An Oxford graduate who ditched a high flying career to become a circus stuntman has successfully completed one of Harry Houdini’s greatest escapes.
Gary Stocker, 32, had a £1 million home and six-figure salary as a law writer and legal recruitment officer until he started performing in a circus two years ago.
Since changing careers he’s successfully completed numerous dangerous stunts including being a human cannonball.
And on Saturday (26/3) he took his achievements to a new level when he recreated the Water Torture Cell, made famous by Houdini – the world’s greatest ever escape artist.
In the death defying stunt Gary was imprisoned in chains and handcuffs and incarcerated in an aquarium filled with water, with only the time he could hold his breath to escape.
He spent four months tirelessly training for the stunt and came close to death in one rehearsal.
Speaking after completing the stunt he said: “The stunt went really well. The audience could sense that this was the very first time that I had ever performed it, outside of rehearsals, and so the tension was very high.
“While I have trained very hard for this stunt over the past four months, no training could have prepared me for the challenge of performing this in the bright lights of a packed circus Big Top.
“My adrenaline levels were much higher than usual and I could feel my heart palpitating in my chest.
“I couldn’t see the audience through the tank, but knowing they were out there watching me made me feel very nervous and caused me to lose my focus a little.
“During the first 20 seconds, I am supposed to have escaped both from my handcuffs and also from the loop of chain wrapped around my neck.
“However, during this live performance, I had barely got one hand free by the time the 30 second mark had been called by our ringmaster.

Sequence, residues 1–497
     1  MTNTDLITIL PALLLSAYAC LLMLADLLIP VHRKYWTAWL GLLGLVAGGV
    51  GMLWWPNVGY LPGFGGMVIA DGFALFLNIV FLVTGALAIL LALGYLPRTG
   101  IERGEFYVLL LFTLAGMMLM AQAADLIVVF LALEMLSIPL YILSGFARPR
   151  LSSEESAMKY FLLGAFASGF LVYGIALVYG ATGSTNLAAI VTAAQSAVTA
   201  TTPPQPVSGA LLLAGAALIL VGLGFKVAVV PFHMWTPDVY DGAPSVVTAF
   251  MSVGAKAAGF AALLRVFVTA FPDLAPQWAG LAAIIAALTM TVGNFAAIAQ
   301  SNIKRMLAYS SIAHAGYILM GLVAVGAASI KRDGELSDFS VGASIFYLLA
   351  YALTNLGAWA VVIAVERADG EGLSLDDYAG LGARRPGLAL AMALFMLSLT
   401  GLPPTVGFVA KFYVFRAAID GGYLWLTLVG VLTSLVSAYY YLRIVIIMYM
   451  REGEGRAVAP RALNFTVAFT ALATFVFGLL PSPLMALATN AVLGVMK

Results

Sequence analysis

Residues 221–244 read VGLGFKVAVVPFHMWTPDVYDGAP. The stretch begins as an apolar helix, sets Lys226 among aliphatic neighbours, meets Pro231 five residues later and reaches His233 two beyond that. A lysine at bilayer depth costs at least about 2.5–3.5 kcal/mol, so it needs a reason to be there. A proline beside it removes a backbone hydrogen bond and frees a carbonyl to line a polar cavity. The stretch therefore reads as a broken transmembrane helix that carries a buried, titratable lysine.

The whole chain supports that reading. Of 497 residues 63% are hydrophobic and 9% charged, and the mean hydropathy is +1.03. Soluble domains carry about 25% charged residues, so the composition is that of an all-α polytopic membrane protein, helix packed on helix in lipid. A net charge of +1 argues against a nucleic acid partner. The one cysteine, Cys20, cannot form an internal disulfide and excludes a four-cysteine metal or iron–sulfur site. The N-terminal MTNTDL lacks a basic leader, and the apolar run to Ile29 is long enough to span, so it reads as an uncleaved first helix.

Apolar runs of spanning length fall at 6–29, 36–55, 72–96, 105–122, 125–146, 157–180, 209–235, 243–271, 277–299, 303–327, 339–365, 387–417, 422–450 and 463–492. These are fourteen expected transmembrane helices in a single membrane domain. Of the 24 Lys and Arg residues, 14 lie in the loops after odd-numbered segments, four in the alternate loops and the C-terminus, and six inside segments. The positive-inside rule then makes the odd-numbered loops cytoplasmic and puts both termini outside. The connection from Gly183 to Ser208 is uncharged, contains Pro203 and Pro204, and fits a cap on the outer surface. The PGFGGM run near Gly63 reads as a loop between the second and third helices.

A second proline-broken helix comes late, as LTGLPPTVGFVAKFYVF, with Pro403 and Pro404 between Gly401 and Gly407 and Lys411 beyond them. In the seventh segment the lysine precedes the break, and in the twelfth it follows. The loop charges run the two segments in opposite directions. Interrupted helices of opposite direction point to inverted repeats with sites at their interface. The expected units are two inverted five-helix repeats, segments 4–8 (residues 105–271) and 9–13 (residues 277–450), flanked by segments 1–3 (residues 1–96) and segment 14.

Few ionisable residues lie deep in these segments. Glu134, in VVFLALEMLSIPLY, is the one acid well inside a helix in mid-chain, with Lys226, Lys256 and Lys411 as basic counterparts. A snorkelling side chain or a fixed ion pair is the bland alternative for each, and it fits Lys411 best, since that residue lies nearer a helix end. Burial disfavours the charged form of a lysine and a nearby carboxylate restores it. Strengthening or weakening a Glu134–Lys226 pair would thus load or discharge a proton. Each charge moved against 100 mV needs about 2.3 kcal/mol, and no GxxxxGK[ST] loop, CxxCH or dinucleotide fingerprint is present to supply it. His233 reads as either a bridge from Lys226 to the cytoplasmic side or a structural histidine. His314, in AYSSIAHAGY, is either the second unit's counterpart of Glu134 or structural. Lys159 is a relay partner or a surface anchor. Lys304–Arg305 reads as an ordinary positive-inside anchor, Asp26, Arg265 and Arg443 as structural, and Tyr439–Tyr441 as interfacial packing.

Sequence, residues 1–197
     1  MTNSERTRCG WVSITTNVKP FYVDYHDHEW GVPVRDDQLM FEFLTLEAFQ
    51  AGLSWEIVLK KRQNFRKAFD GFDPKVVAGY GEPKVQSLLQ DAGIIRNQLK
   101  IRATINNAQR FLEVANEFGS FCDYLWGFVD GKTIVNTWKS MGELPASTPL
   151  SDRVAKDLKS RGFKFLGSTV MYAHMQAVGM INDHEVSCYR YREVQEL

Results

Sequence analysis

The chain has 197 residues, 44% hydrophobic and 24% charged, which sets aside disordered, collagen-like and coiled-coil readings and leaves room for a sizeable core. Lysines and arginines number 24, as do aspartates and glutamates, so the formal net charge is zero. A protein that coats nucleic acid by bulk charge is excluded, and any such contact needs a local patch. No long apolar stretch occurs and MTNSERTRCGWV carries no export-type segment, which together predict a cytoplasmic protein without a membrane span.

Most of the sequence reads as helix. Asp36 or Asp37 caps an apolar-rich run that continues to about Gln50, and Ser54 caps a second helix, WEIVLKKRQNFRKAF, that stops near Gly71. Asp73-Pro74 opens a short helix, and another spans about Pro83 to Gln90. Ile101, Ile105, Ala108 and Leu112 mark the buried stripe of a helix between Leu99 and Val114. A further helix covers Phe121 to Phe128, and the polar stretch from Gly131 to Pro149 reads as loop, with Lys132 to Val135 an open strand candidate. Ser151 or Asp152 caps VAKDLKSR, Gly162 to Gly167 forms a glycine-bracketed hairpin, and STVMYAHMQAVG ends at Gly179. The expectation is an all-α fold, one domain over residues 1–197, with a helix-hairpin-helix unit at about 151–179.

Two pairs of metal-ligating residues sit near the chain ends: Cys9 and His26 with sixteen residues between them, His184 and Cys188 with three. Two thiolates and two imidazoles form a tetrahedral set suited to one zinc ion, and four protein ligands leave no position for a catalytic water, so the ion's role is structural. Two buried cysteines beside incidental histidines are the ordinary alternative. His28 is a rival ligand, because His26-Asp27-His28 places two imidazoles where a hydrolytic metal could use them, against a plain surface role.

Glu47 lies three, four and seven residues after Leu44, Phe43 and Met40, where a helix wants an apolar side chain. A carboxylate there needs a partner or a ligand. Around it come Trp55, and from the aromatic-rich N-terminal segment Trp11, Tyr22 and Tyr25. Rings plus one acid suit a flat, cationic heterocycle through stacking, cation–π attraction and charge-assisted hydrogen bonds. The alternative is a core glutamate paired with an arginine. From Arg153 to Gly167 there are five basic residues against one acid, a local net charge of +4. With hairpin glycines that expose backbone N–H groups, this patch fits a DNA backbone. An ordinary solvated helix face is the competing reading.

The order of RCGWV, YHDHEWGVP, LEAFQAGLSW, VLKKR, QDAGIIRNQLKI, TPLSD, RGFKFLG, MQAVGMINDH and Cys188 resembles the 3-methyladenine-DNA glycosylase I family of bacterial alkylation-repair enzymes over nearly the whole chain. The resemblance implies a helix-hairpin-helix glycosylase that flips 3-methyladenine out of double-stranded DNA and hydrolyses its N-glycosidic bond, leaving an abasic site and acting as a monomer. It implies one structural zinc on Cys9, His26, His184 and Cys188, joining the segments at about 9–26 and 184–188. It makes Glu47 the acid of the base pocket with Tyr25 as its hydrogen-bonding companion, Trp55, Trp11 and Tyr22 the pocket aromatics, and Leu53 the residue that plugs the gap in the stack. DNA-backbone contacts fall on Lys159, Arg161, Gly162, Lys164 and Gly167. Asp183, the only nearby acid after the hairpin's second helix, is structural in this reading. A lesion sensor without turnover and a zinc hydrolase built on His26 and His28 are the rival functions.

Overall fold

“This made me panic a little, but ultimately regained my focus and managed to escape within 1 minute and 37 seconds, which is not bad at all.
“If it had been over two minutes my team were instructed to break me out irrespective of my progress.
“I felt amazing, standing there in front of a cheering crowd, clutching the chains and padlocks which had failed to bind me.
“It was an awesome feeling of victory, and the reaction of the audience made it feel all the better.
“My body actually went into shock about 15 minutes after the show, once the adrenaline of the performance had worn off.”
During his preparation for the stunt Gary would practise doing simple tasks underwater to increase the amount of time he could function.
But even with his team on standby the stunt was not without its risks.
He added: “My team were always on hand armed with axes to break the 12ml perspex glass should anything go wrong.
“Once, during a rehearsal, I blacked out before escaping from my shackles.
“Apparently my team had real difficulty breaking the glass and there was a mad panic as they tried to get me out of the tank before I suffered any permanent brain damage.
“After that we made some modifications to the design.”
In 2014 Gary made the headlines with his previous stunt, a human cannonball.
Comparing the cannonball to his latest escapade he said: “As a human cannonball, the risks are largely outside of my control.
“So long as the safety checks have been completed, then once I am in the barrel then either it works or it doesn’t.
“This present stunt is far more dangerous because there are so many factors which can affect the time it takes me to escape from my cuffs and ultimately from the aquarium.
“In addition, to add to the theatricality, I need to make it appear that I am struggling, even when I am not.
“There is always a risk that my team could misconstrue my genuine pleas for help with acting; after all, my hands and legs are bound and they cannot hear me while I am submerged under water.”
Gary presents his stunts on the 1920s themed Chaplin’s Circus. The circus is currently touring and Gary will be performing his the water torture escape in Richmond, London, this week.
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